This past Sunday was Pentecost. It coincides with an ancient Hebrew festival, but the events of Acts 2 on a particular Pentecost right after Jesus rose from the dead marks the birthday of the church. Alas, the church is divided into various Orthodox, Coptic, Catholic, Protestant, and Pentecostal denominations, but we all have but one birthday.
“They,” probably the same 120 believers mentioned in Acts 1:15, gathered together in one place, and most certainly not for the first time. This group probably amounts to the first messianic synagogue. On Pentecost, Jesus baptized them with the Holy Spirit as he had promised.… Read the rest
Between the dramatic stories of how the angel Gabriel appeared first to Zechariah and then to Mary, Luke mentions that Mary paid a three month long visit to Elizabeth, one of her blood relatives and Zechariah’s wife. Although artists have painted or otherwise portrayed The Visitation for centuries, it is all too easy to read right past it. So let’s give Elizabeth her due.
Luke says she and her husband were blameless, but they may not have looked blameless to the rest of the people in their community. After all, the old priest Zechariah had never been chosen to light the incense in the temple.… Read the rest
The third chapter of Matthew opens on what, for John the Baptist, was a fairly ordinary day of baptism and preaching. Then Jesus showed up. We know that their mothers were related, but we have no idea how well they knew each other.
Up until this moment, Jesus had lived a perfectly ordinary life and had done nothing noteworthy, but when he lined up with everyone else for baptism, John got uncomfortable, even though, according to John 1:31, he had no idea that Jesus was the Messiah.
Jesus wanted John to baptize him, but somehow John suspected that Jesus had no sin to repent of.… Read the rest
Back in the mid ’80s I had an apartment in what used to be a storefront. My door opened directly onto the sidewalk. One winter it snowed a lot, and there was a stretch of several days when there was just a deep puddle during the day, then at night it would freeze. I didn’t know what my liability was, but I didn’t want to be responsible for someone slipping on the ice and breaking a hip or something.
I felt kind of helpless. There’s not much you can do about either a puddle or a sheet of ice with a cheap snow shovel.… Read the rest
In one of the best-known passages of an otherwise obscure book, Ezekiel described his vision of a valley of dry bones coming to life. Actually, it was more than a vision; he had to prophesy to the bones before anything happened.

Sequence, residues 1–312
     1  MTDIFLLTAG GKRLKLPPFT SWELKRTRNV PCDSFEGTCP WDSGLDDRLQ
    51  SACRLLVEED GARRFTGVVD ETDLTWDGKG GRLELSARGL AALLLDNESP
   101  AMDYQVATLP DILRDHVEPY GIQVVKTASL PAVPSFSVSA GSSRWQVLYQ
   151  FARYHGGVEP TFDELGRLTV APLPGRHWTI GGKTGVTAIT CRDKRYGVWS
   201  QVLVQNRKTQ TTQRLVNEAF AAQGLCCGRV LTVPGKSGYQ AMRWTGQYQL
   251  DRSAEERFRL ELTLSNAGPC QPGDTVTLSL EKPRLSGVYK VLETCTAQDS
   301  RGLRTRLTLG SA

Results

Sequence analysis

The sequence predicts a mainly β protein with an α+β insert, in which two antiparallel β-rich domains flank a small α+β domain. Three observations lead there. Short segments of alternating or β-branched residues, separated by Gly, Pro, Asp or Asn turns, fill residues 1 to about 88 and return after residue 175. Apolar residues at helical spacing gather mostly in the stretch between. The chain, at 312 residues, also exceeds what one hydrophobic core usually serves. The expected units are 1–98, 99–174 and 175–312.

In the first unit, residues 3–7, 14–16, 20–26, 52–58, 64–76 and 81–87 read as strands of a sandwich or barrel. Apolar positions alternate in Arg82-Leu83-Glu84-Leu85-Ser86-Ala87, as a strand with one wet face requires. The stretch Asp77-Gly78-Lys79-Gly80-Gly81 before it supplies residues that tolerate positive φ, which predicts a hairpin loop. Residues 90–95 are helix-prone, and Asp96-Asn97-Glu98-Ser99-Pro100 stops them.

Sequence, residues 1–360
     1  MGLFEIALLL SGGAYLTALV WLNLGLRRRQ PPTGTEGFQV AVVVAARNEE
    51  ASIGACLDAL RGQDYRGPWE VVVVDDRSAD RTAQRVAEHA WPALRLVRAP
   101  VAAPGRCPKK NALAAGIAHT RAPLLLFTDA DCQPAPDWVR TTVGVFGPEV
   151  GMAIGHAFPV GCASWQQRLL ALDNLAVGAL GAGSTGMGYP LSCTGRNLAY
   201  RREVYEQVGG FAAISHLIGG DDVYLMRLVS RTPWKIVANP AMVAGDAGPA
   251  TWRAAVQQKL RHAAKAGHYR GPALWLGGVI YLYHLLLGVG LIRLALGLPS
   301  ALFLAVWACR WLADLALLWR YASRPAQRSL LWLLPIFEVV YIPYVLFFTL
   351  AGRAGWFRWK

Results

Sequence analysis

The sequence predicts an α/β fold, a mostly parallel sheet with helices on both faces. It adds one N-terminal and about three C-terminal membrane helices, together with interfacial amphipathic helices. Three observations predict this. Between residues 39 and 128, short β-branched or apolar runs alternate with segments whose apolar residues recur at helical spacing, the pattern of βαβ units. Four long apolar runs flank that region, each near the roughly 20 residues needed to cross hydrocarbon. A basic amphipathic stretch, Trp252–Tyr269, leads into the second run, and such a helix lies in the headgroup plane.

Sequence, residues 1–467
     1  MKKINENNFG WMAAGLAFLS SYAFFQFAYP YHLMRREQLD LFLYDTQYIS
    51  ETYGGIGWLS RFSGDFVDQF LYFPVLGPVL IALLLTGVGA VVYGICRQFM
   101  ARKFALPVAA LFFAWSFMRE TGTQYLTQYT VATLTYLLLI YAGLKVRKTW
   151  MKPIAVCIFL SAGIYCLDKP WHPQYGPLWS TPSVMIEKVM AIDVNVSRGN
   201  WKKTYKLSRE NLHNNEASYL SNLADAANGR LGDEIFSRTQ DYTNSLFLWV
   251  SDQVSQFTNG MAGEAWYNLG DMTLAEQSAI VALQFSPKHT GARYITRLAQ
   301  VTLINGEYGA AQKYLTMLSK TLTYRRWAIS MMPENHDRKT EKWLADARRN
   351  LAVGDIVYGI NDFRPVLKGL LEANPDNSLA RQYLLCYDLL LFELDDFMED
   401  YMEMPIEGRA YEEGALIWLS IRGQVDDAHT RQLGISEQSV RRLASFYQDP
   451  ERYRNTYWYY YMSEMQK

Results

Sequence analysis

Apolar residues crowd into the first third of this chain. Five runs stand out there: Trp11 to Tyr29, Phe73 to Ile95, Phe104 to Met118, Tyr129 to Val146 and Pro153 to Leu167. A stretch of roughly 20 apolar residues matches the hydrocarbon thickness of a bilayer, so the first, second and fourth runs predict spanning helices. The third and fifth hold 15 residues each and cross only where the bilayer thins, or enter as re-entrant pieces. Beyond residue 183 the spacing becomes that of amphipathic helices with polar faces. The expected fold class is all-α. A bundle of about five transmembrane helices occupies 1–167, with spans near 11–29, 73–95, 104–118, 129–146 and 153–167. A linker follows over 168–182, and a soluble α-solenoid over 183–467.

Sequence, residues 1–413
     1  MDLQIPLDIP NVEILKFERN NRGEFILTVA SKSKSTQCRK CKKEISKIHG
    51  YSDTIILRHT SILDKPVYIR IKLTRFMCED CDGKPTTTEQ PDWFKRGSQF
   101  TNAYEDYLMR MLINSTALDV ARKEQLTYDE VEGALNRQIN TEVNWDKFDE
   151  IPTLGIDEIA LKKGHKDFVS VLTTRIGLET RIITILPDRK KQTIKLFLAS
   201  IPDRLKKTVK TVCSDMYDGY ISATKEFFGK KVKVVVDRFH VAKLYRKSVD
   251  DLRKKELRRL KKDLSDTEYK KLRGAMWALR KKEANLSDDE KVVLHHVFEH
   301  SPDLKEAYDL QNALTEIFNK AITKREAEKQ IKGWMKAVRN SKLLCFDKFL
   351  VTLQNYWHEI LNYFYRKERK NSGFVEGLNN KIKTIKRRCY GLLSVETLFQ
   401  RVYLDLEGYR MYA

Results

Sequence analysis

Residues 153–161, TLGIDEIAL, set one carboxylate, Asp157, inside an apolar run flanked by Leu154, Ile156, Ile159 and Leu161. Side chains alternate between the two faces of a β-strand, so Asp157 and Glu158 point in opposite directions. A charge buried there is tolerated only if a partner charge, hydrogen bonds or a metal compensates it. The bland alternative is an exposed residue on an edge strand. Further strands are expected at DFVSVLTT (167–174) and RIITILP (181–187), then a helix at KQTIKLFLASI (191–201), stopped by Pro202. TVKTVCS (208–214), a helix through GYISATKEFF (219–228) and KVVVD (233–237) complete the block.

Ezekiel recognized that the bones represented the whole lineage of Jacob. Both kingdoms that represented that lineage had been destroyed, their people exiled and scattered. In their shattered hope, the survivors felt as dead and dried up as the bones.
At Ezekiel’s first word of prophecy, the bones formed together as complete skeletons, and then the flesh returned. Now instead of a valley of dry bones, it was a valley of corpses.… Read the rest
In the Old Testament, Pentecost was the offering of first fruits, a memorial of the establishment of the Mosaic Covenant. Along with Passover and Tabernacles, it was one of three times during which the Law required Jewish men to present themselves at the Sanctuary.
By New Testament times, hardly anyone was able to get to Jerusalem for all three festivals. The largest number of foreigners came for Pentecost (Greek, by the way, for “fiftieth,” because it started fifty days from Passover).
“Now, Lord, look on their threats, and grant to Your servants that with all boldness they may speak your word, but stretching out Your hand to heal, and that signs and wonders may be done through the name of Your holy Servant Jesus.” — Acts 4:29-30
I keep reading of prophecies, or at least predictions, that American Christians face persecution like it has never happened here before. Quite a variety of people have written about it, and they offer a variety of evidence. Frankly, the writers exhibit quite a wide range of credibility, too.
As I read this passage from Acts, it struck me that, while I have no idea how likely we are to face systematic persecution, the Bible has already told us how to face it.… Read the rest
“Do not leave Jerusalem, but wait for the gift my Father promised,which you heard me speak about.” — Acts 1:4
God’s ways are not our ways. The last recorded words of Jesus in any of the synoptic gospels are some form of the Great Commission. John’s version comes in the next to last chapter, but Jesus’ final comments there prepare the disciples to get to work.
In other words, all the gospels end with Jesus saying, “Go” to bewildered and reluctant disciples. The book of Acts opens with him saying, “Wait” to a team that felt ready to get started.
I’m sure we’ve all experienced a promise from God that seems so vivid that we’re bound to see it manifest in the next fifteen minutes.… Read the rest
What could have gone on in Jesus’ mind on Palm Sunday, as he received cheers that he knew would not last. Here was the Lord of the universe, deliberately riding a donkey into an ambush. He knew a judicial miscarriage of justice, an illegal trial followed by an ignominious death, awaited him in less than a week.
Fortunately, we don’t have to wonder what he thought. Paul tells us all we need to know. Jesus was God in human form: the fullness of deity, the maximum portion of being God that his fully human nature and body could hold.
He had laid aside all of his heavenly privileges to accept his humanity.… Read the rest